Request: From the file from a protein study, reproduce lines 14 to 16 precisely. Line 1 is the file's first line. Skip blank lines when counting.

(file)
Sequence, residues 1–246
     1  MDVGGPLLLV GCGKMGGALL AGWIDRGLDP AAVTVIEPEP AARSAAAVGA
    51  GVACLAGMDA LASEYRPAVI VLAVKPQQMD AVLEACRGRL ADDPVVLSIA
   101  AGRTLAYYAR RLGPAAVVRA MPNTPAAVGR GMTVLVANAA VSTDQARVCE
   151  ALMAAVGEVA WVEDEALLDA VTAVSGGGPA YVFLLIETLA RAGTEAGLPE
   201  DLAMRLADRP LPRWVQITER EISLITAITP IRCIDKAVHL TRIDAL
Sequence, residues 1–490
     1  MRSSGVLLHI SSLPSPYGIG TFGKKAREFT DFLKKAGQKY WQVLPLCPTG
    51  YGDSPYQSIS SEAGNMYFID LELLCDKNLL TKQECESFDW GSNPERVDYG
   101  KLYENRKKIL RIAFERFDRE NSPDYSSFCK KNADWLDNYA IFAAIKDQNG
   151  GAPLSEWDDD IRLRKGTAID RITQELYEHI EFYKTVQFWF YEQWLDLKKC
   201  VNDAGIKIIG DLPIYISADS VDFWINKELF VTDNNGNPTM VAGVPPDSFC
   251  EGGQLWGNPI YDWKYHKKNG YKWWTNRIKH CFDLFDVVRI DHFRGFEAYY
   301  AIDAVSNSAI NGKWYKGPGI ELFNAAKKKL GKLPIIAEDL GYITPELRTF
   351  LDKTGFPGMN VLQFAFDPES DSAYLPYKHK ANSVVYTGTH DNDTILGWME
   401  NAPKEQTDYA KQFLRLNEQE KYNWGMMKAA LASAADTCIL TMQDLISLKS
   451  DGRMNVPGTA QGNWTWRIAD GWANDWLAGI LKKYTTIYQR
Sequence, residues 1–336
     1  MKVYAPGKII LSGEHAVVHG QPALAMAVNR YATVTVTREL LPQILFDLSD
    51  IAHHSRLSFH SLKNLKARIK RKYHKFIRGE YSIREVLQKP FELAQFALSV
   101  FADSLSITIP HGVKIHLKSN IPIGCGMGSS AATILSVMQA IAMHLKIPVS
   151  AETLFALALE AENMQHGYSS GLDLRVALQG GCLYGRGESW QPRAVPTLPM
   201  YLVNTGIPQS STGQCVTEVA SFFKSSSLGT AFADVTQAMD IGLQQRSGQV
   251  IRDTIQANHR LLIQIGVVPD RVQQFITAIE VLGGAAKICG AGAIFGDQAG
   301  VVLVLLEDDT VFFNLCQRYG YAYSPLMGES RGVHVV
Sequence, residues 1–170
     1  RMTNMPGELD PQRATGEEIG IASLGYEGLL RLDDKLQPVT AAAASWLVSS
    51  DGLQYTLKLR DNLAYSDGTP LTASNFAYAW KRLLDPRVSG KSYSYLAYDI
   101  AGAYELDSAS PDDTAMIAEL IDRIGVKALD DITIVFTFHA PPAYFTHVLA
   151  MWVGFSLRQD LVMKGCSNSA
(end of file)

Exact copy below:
   301  AIDAVSNSAI NGKWYKGPGI ELFNAAKKKL GKLPIIAEDL GYITPELRTF
   351  LDKTGFPGMN VLQFAFDPES DSAYLPYKHK ANSVVYTGTH DNDTILGWME
   401  NAPKEQTDYA KQFLRLNEQE KYNWGMMKAA LASAADTCIL TMQDLISLKS